Has Rachel done anything wrong from a legal standpoint? Rule 4.4(a): In representing a client, a lawyer shall not use means that have no substantial purpose other than to embarrass, delay, or burden a third person Attorney cant lie or sandbag (Rule 4.1 and others) May jeopardize contract enforceability

Construed against drafter Unconscionable Statutes prohibiting void clauses

Has Rachel done anything wrong from other perspectives? Could damage business relationship with Buyer Could damage relationship with client Could damage her own professional reputation Practice pointers Not every client wants tricky drafting Clients need to own drafts before drafts delivered to other side

Backdating

Ex 1: Vendors salesperson wants to backdate contract to increase his commission under bonus plan Ex 2: Jen hired April 1. Jens option grant mistakenly omitted from April stock option grants submitted to board. Omission discovered June 15, and price has increased in interim. Ex 2A: Can you, with board approval, replace the list of April grant approvals to add Jen? Ex 2B: Can you draft action by uniform consent dated April 1 and get board approval? Ex 3: Acme and Smith reach oral agreement on March 30 with understanding that agreement will be reduced to writing. Written agreement prepared April 15. Can the written agreement be dated March 30?

Backdating

Rule 8.4(c): It is professional misconduct for a lawyer to engage in conduct involving dishonesty, fraud, deceit or misrepresentation Depending on facts, backdating can be fraudulent or even criminal My vote: Only Option #3 is permissible, and only if the agreement was enforceable March 30

But probably no Q1 revenue recognition Tell the truth, even if it hurts Attorneys can cross the line from facilitators to principals

Lessons

Redlines

Jessica prepares inaccurate redline but claims it is accurate Risks

Bad etiquette

Loss of drafting privileges Degradation of parties trust Personal reputation loss Contract reformation Rule 8.4(c)

Legal consequences

Practice pointers

QA redlines you send Be careful trusting the other sides redlines!

Metadata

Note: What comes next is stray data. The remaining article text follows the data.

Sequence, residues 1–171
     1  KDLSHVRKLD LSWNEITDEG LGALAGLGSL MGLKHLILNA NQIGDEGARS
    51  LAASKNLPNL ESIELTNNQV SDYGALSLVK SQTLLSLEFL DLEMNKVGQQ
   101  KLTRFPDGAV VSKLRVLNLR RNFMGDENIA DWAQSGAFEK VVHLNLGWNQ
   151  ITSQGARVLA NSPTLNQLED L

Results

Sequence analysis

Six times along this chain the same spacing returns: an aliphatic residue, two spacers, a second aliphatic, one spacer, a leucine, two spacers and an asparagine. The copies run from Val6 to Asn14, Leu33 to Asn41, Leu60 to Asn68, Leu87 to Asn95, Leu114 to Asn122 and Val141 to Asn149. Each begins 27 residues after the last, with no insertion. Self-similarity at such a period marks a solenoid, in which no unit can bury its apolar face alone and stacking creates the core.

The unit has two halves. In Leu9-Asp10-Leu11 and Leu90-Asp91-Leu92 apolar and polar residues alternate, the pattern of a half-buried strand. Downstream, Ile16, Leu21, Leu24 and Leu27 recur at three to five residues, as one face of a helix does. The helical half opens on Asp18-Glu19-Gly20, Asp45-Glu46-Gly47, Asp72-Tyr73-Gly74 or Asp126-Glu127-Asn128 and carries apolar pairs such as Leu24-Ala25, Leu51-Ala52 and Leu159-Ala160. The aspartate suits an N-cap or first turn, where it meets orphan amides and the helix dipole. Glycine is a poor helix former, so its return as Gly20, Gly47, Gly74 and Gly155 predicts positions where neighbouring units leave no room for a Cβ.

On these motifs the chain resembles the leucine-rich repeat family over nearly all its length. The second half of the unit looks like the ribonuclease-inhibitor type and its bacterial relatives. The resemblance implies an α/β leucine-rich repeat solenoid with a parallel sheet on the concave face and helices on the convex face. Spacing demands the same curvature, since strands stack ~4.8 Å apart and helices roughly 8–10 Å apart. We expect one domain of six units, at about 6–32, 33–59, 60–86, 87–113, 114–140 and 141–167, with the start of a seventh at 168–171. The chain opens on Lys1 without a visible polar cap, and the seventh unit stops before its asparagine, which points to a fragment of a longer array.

Joe drafts acquisition agreement. Joe exchanges file with client Ted, and each edits the file using Words track changes tool. Joe accepts all and emails the file to opposing lawyer Karen. Karen easily uncovers Joes and Teds prior comments. Metadata = data about data. Examples:

Author name/affiliation Revision history Timestamping of all activity

Metadata

Did Joe do anything wrong?

Risk of Rule 1.6(a) violation

NYSBA Opinion #782 (Dec. 2004): Lawyers must exercise reasonable care to prevent the disclosure of confidences and secrets contained in metadata in documents they transmit electronically to opposing counsel or other third parties. Disclosure of confidential information Loss of attorney-client privilege

Risk of malpractice

Guaranteed embarrassment Never use native Word redlining tool Use paste special instead of clone-n-revise PDF (or TIFF) solves most metadata problems (but raises other issues)

Practice pointers

Lesson: every procedural step in manufacturing contracts may have substantive significance

Metadata

Did Karen do anything wrong?


Norm #1: Alls fair in love and war Norm #2: Hidden data is ill-gotten benefit

NYSBA Opinion #749 (Dec. 2001): A lawyer may not make use of computer software applications to surreptitiously get behind visible documents Practice pointers

Intentional snooping could be problematic Accidental discovery might prompt professional courtesy (like misdirected fax)

Anti-Contact Rule

Opposing businessperson emails contract draft to you, your client and her lawyer. Can you reply to all? Current Rule 4.2: In representing a client, a lawyer shall not communicate about the subject of the representation with a party the lawyer knows to be represented by another lawyer in the matter, unless the lawyer has the consent of the other lawyer or is authorized to do so by law or a court order.

Anti-Contact Rule

Client schedules 4 way conference call to negotiate contract. At appointed hour, everyone but opposing lawyer dials in. What should you do? Practice pointers

Get permissions from opposing counsel early in relationship Educate client about Rule 4.2

Duty to Correct Opponents Mistake